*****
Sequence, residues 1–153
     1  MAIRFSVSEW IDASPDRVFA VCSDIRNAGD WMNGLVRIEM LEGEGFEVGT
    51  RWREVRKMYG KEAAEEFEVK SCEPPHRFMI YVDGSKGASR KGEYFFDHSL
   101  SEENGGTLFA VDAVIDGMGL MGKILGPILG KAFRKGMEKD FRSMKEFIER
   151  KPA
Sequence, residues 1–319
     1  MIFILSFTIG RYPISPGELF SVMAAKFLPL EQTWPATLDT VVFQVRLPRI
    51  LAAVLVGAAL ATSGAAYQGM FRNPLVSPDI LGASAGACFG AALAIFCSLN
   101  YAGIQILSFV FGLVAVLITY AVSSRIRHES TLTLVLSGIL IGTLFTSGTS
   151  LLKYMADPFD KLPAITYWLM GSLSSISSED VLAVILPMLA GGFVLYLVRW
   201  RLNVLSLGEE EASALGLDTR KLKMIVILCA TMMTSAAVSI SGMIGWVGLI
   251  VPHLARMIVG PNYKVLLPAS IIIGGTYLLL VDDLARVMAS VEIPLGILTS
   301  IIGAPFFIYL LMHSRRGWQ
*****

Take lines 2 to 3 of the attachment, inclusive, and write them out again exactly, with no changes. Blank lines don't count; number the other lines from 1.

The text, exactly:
     1  MAIRFSVSEW IDASPDRVFA VCSDIRNAGD WMNGLVRIEM LEGEGFEVGT
    51  RWREVRKMYG KEAAEEFEVK SCEPPHRFMI YVDGSKGASR KGEYFFDHSL